Green Scene: A Look at Going Green (National Level)

Much of our country’s current environmental policy comes from the Clean Air Act, a law created to limit air pollution. The act gives power to the Environmental Protection Agency (EPA), a federal agency which ensures that environmental protection is considered by the general public and in United States policies. The EPA creates many regulations, most recently the Mercury and Air Toxics Standards, which will put more stringent controls on the amount of dangerous pollutants coming from power plants. The EPA’s news release said that the standards will limit emissions of mercury as well as “toxic air pollution like arsenic, acid gas, nickel, selenium and cyanide.”

The Huffington post reported that these new standards will “cut toxic mercury emissions from power plants by 90 percent, smog-forming nitrogen oxide pollution by half and soot-forming sulfur dioxide by more than 70 percent.” This is beneficial to the public because according to the EPA, the effects include the prevention of 11,000 premature deaths, 4700 heart attacks and 130,000 asthma attacks every year.

However, the regulation faces opposition from coal-fired plants, who according to the Huffington Post are responsible for “up to three-quarters of the mercury that comes out of the smokestacks.” The EPA said that the rule will take effect once it is published in the Federal Register, supposedly in January or early February. Van Ness Feldman, a national law firm, said that “affected sources and industry groups are expected to challenge the rule in court, with the deadline for filing such petitions 60 days from the publication of the final rule in the Federal Register.” If the regulation holds, the EPA said that the plants will have three years to meet the requirements, and may receive more on an individual basis.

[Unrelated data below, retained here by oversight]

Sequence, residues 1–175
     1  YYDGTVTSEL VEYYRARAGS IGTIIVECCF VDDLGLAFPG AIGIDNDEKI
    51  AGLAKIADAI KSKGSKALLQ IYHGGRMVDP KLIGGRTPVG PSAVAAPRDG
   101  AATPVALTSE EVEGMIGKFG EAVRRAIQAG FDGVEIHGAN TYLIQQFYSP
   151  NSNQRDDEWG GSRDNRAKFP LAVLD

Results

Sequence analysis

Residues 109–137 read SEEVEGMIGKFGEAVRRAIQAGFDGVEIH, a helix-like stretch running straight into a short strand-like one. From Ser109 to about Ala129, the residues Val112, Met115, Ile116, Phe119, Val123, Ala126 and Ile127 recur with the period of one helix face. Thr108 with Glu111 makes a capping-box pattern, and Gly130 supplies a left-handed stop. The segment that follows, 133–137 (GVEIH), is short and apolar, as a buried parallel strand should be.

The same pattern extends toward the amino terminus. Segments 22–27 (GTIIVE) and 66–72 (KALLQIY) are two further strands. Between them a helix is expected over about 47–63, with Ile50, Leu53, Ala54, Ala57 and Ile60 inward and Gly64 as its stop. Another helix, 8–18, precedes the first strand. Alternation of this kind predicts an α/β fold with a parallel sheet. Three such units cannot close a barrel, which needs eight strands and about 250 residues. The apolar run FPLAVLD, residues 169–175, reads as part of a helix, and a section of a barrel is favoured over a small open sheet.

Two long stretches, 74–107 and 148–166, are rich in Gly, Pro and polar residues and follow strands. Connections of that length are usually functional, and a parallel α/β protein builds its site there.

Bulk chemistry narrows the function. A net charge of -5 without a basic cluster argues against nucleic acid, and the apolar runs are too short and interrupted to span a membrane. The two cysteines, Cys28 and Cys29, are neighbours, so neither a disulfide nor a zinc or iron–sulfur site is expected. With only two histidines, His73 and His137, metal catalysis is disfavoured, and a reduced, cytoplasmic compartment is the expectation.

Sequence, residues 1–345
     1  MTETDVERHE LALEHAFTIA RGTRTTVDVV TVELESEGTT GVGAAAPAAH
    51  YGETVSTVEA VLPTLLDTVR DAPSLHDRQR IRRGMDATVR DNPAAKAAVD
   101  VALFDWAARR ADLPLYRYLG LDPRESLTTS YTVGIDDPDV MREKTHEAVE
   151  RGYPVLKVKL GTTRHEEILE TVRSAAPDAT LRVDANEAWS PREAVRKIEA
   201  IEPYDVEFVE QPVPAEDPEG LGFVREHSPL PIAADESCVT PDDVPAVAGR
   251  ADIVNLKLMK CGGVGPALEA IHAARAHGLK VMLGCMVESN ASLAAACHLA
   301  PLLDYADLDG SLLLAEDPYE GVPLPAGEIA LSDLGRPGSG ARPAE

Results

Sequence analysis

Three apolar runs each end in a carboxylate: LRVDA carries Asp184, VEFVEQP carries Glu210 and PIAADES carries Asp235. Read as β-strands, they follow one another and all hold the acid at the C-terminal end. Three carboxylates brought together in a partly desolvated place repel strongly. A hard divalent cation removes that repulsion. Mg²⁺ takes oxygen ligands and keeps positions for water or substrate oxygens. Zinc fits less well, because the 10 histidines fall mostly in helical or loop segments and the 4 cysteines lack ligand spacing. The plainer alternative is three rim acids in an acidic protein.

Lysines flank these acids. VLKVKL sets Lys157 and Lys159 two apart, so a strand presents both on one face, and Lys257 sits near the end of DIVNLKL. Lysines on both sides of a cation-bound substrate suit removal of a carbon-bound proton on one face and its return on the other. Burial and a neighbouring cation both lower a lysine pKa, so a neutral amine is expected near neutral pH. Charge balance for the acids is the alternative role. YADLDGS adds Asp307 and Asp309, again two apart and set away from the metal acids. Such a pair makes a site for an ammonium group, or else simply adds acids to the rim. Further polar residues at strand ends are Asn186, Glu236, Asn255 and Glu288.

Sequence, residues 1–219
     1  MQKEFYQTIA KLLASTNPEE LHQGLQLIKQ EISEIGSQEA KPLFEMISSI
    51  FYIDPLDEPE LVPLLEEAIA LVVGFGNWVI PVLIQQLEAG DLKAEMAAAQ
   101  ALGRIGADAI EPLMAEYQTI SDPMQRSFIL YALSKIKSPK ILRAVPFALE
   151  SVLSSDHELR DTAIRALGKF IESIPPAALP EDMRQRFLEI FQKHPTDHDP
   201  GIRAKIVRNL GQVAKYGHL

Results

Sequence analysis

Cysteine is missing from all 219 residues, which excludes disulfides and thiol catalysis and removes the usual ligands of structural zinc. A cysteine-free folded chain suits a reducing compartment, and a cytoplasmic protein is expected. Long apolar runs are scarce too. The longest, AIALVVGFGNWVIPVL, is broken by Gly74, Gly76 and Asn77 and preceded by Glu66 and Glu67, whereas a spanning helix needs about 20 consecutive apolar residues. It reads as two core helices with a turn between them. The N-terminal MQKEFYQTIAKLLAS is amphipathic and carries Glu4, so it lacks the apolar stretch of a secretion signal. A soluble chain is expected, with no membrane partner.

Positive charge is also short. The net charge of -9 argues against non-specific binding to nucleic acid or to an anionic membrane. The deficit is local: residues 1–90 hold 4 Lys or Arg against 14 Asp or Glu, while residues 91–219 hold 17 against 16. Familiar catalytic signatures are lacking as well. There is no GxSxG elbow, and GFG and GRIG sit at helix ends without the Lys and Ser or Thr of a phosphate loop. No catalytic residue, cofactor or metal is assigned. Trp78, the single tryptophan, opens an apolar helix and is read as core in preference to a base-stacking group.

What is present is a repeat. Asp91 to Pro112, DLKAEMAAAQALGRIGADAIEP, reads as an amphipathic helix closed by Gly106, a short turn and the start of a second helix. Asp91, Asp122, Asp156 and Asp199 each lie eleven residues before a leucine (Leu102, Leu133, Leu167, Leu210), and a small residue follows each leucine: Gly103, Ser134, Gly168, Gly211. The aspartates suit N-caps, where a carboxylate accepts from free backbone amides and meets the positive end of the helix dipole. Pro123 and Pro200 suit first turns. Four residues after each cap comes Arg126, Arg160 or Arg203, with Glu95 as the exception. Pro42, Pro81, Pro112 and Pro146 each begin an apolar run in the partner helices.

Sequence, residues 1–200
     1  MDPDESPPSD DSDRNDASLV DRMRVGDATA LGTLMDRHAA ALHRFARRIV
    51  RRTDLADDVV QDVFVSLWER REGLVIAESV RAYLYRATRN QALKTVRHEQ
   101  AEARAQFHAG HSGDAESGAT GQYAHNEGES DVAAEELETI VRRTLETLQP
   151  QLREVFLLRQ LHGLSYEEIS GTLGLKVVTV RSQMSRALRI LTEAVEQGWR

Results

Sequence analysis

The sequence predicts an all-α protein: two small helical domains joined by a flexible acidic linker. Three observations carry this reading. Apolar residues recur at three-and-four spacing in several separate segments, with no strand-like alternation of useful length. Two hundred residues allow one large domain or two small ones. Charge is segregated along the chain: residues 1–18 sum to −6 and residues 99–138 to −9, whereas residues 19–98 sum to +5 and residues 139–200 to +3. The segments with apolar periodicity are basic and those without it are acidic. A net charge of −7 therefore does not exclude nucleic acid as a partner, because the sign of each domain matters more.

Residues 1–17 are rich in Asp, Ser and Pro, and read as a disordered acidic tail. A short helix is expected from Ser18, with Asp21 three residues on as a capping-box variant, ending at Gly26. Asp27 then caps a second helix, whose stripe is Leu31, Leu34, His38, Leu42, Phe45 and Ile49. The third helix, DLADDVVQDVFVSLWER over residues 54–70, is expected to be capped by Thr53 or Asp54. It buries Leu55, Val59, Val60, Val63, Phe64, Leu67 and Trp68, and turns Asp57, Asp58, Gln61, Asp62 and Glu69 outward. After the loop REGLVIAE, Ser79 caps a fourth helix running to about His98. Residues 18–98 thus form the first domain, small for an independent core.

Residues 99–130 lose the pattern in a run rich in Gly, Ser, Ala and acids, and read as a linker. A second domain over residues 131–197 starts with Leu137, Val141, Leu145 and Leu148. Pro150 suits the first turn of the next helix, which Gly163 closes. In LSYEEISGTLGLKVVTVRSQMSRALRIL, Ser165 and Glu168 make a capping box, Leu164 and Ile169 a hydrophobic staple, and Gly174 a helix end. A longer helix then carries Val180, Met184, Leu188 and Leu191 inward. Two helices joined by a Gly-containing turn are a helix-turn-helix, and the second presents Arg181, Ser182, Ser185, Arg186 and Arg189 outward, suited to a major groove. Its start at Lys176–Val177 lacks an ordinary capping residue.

There is also current controversy surrounding the EPA’s Cross-State Air Pollution Rule, which the EPA said would require 28 states to “significantly improve air quality by reducing power plant emissions that contribute to ozone and/or fine particle pollution in other states.” Although the rule was planned for implementation by January 1, according to Reuters the “U.S. Court of Appeals for the D.C. Circuit granted a request to stay the Environmental Protection Agency’s Cross-State Air Pollution Rule, pending further court review.” Texas-based Luminant Generation Co. said that the rule would “cause the loss of 500 jobs” and force them to close two units.

Similar work to cut global emissions is also floundering on an international level. The UN Climate Change Conference ended on December 11, 2011, saying it had an agreement from all parties to “adopt a universal legal agreement on climate change as soon as possible, and no later than 2015.” Newspapers such as and hailed it as a “failure.” According to, research in 2011 by the International Energy Agency (IEA) said that with the “amount of fossil fuel-run buildings and factories that are set to be built in the next five years, the human race will finally be locked into the critical mass of emissions that will push the Earth past the point of no return.” also said that according to the IEA, “if we only start to limit emissions after 2020, we’ll have to spend $4 more for every $1 that we could have spent now to get emissions below climate change’s point of no return in 2050.”

One reason for inaction is the fear for the economy. In July of 2010, Democrats tried to pass a cap-and-trade bill, but “opponents argued that it would impose excessive costs on energy industries in a weak economy,” according to the New York Times. However, in October of 2011 California adopted the cap-and-trade system to take affect in 2013.